As the Supreme Court in Davis pointed out, Norviel was decided in 2002, but no action was ever taken to legislatively overrule that decision.  However, even though the First District's opinion in Davis was only the law for less than five months, 6 it apparently whet the appetites of bread-winning spouses everywhere.

The Competing Interests Involved

Among the policy considerations recognized in Davis that are promoted by a rule allowing spouses to be separated while living under the same roof are:

  1. "[T]here may be spouses who need to reside in the same residence as 'roommates' because of foreclosure, job loss, or other economic factors."
  2. Some spouses may wish to share the same residence in order to more effectively co-parent their children.
  3. Such a rule "evenhandedly recognizes the separateness of each spouse’s earnings and accumulations in situations where the spouses have effectively though not formally ended their marriage."

Among the policy considerations recognized in Davis that are promoted by a rule requiring spouses to maintain different residences in order to be separated are:

  1. "[A] bright-line rule ... promotes fairness by providing a measure of predictability to the parties and their attorneys, as well as clear guidance to judges."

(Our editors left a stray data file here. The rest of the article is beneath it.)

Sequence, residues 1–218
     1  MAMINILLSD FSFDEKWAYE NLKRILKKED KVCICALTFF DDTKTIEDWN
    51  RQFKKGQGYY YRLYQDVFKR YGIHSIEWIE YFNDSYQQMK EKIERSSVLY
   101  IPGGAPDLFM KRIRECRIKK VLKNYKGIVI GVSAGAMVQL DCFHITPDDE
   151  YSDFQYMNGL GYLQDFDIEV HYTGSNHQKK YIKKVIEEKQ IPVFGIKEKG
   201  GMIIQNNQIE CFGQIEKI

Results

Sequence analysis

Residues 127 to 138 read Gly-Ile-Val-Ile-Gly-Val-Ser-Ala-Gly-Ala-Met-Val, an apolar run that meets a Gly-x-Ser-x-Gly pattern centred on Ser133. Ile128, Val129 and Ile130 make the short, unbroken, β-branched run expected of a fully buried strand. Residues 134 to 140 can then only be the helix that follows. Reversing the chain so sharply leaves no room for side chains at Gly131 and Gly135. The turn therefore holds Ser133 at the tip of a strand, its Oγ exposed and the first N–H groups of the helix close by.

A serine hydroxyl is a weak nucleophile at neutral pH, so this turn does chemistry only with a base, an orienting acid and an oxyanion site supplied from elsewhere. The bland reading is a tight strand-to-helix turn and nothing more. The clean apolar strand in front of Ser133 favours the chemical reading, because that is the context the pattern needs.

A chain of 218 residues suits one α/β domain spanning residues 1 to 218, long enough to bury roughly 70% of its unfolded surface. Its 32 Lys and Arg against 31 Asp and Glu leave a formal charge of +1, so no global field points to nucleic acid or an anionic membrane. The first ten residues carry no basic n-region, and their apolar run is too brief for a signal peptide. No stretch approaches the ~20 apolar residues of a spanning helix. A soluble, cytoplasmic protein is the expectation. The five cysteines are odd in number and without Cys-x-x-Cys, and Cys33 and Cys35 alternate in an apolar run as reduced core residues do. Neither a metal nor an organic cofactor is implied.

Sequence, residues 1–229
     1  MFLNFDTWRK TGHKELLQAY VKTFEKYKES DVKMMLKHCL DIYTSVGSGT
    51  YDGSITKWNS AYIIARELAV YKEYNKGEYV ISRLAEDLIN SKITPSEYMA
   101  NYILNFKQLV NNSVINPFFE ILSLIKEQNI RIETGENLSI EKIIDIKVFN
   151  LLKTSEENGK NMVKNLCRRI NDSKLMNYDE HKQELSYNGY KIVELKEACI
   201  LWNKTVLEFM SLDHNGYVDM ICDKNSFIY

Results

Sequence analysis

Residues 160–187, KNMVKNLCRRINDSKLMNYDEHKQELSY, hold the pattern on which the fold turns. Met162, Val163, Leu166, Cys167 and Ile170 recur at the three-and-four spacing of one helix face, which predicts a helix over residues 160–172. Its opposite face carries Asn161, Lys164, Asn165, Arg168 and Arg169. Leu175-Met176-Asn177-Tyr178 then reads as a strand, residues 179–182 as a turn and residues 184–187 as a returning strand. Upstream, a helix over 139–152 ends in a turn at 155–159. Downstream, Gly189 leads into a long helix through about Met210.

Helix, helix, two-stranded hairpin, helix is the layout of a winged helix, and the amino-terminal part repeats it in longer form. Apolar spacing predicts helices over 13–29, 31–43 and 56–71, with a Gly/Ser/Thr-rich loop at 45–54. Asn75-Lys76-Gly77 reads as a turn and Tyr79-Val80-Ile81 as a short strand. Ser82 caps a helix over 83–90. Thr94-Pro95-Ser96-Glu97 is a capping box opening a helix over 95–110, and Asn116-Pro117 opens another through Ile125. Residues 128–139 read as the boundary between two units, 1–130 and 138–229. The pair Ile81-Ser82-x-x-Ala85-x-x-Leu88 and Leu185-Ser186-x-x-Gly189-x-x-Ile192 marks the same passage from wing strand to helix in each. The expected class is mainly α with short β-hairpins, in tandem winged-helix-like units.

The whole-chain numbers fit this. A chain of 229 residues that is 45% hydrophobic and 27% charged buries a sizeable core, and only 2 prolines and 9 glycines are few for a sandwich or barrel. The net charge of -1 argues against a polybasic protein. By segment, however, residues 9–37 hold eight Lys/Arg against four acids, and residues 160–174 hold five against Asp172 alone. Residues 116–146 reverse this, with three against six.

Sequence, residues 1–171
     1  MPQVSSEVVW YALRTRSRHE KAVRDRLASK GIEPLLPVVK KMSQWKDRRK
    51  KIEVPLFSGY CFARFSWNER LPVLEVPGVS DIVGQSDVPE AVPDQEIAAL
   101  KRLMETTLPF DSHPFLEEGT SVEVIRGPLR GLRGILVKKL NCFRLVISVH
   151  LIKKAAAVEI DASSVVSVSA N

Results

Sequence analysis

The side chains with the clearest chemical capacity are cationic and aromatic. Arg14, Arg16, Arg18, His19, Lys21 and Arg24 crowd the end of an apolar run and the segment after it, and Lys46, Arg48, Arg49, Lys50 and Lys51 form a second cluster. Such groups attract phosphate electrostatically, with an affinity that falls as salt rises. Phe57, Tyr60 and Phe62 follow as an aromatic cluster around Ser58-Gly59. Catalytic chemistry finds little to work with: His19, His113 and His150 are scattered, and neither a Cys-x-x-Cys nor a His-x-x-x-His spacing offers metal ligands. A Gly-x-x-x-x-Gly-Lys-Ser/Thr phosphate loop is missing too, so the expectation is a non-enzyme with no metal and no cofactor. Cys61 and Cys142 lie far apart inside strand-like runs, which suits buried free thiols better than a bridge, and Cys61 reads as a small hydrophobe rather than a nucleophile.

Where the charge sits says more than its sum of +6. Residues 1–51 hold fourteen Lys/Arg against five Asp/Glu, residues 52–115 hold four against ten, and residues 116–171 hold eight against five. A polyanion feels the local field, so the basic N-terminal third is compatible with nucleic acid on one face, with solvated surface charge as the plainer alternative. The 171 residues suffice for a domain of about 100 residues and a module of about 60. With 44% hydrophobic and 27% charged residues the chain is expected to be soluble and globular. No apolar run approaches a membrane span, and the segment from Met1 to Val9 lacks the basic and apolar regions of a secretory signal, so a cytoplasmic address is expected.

2. Such a rule "reduces the potential for manipulation of a more elastic standard by the higher earner in situations of significant disparity of spousal income."
  3. Such a rule "retains the presumption of community property for earnings and accumulations acquired during marriage during a period of time likely to be prior to the institution of court proceedings and any court order of support, thereby protecting the lower earning spouse."

Another consideration which neither SB 1255 nor the Supreme Court in Davis acknowledged is that financial abuse is a form of domestic violence.  "The forms of financial abuse may be subtle or overt but in general, include tactics to limit the partner’s access to assets or conceal information and accessibility to the family finances." 7 Such tactics could easily include announcing a marriage is over, claiming all earnings are separate property, and giving the low- or non-earning spouse a meagre allowance for the necessities of life while refusing to vacate the family residence.